Standard Interpretations - Table of Contents
• Standard Number: 1910.1025; 1910.1025 App A; 1910.1025 App B


OSHA requirements are set by statute, standards and regulations. Our interpretation letters explain these requirements and how they apply to particular circumstances, but they cannot create additional employerobligations. This letter constitutes OSHA's interpretation of the requirements discussed. Note that our enforcement guidance may be affected by changes to OSHA rules. Also, from time to time we update our guidance in response to new information. To keep apprised of such developments, you can consult OSHA's website at http://www.osha.gov.


December 1, 1999

[Name & Address Withheld]

Dear [Name Withheld]:

Thank you for your letter of May 11, 1999 to the Occupational Safety and Health Administration's (OSHA's) Office of Statistics. Your letter has been referred to the [Office of Health Enforcement] for response. You have questions regarding the handling of lead, which you described as lead balls or buckshot. We apologize for this delay in providing you with a response.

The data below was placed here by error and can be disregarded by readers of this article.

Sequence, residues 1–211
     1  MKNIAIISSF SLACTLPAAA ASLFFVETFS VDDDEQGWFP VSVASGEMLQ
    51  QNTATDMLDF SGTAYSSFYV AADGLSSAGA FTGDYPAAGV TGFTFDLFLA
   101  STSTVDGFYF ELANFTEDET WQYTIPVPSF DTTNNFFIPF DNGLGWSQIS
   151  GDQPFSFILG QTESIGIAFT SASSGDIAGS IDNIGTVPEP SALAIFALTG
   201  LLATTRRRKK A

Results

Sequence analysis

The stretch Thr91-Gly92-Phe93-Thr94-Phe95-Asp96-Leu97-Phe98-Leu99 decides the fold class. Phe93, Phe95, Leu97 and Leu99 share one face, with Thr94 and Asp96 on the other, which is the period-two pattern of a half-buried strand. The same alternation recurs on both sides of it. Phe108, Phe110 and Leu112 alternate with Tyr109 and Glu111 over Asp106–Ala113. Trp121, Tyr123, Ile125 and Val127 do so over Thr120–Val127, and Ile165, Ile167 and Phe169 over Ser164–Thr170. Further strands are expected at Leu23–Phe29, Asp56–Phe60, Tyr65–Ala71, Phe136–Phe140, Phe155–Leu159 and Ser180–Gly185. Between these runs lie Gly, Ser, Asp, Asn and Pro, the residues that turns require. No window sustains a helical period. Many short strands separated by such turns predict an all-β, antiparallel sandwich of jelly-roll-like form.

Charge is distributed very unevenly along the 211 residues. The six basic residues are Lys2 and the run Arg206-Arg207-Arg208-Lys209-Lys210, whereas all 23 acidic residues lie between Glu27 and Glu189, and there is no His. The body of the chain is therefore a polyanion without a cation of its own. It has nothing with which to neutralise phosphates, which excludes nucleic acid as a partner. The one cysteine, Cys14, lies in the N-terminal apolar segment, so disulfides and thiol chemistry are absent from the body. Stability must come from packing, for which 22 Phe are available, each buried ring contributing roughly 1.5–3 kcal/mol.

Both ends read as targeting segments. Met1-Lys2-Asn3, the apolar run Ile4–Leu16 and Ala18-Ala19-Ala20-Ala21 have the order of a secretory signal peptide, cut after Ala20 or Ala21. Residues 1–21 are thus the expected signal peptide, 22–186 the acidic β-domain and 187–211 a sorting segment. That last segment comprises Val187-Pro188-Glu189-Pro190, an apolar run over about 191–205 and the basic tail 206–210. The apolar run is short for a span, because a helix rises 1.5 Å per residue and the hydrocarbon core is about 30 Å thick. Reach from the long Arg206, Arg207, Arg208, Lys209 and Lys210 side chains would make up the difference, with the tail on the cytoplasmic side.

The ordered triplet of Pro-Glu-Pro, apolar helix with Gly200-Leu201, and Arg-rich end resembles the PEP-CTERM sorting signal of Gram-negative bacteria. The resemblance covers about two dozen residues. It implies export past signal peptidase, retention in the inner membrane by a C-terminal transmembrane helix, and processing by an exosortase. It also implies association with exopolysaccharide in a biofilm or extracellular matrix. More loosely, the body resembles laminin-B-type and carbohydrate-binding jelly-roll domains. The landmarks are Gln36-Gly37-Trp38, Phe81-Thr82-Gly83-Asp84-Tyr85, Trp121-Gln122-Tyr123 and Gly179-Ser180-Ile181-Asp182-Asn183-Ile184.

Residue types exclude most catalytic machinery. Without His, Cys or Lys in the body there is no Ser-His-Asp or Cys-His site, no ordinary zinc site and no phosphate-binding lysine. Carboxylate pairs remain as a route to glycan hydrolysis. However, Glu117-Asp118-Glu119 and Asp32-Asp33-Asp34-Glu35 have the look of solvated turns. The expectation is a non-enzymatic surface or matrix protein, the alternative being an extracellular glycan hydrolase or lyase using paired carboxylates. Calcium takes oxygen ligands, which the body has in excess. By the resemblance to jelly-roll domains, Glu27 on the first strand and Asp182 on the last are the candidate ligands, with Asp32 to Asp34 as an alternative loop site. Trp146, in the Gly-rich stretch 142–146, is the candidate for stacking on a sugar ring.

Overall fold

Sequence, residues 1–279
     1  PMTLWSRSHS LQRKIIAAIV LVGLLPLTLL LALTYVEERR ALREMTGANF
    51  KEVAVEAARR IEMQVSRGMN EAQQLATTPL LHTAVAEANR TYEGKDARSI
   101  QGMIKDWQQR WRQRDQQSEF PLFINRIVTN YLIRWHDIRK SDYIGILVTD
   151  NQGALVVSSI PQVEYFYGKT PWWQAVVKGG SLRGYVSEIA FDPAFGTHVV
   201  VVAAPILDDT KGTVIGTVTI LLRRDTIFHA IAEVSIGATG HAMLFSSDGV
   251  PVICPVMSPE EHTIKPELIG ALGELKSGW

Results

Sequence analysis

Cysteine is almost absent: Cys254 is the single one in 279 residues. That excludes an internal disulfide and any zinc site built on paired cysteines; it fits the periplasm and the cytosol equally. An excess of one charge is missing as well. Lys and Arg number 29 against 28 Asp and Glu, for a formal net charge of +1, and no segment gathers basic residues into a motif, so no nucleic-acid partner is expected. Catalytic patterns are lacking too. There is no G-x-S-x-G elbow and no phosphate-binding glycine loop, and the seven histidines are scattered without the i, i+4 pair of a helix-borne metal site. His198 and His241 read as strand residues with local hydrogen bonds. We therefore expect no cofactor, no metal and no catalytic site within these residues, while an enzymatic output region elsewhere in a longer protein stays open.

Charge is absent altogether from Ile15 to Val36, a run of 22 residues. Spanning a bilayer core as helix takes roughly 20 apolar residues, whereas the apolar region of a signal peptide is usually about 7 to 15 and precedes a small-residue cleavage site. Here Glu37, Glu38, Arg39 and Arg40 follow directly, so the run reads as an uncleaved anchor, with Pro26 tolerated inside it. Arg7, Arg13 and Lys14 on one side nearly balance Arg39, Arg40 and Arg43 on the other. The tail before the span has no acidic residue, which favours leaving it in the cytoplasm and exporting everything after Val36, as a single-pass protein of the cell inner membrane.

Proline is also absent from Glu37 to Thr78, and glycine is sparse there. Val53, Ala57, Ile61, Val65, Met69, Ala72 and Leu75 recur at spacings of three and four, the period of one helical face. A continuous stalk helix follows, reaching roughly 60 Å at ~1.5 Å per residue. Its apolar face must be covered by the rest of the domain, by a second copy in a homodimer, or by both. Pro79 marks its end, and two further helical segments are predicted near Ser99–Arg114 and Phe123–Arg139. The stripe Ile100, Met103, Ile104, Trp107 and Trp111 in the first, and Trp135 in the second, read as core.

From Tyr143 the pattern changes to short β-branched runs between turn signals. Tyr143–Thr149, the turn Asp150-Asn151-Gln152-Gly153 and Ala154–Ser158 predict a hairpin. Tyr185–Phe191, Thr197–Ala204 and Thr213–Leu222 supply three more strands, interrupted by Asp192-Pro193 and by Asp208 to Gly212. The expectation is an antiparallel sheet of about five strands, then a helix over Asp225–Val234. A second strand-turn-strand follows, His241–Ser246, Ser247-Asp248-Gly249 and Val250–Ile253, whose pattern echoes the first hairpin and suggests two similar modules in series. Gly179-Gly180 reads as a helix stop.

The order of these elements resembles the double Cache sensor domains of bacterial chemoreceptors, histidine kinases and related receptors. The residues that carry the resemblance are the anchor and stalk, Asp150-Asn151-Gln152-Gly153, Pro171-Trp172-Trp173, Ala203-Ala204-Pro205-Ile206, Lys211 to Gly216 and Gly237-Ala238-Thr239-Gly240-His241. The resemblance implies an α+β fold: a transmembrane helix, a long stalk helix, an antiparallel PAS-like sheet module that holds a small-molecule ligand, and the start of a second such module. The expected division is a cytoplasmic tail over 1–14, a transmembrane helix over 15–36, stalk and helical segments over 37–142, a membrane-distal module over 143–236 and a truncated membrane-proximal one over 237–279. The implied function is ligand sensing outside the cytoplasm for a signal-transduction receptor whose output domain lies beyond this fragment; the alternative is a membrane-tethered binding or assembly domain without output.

The OSHA standard which regulates exposure to lead in general industry is 29 CFR 1910.1025. This standard requires that employers ensure that the airborne levels of lead remain below the permissible exposure limit (PEL) of 50 µg/m3 as averaged over an time period. Lead becomes airborne when it is heated or abraded. It is unlikely that solid lead buckshot would produce an airborne-exposure level above the PEL or the action level of 30 µg/m3. However, it is advisable to wear gloves while handling the lead shot and to always wash your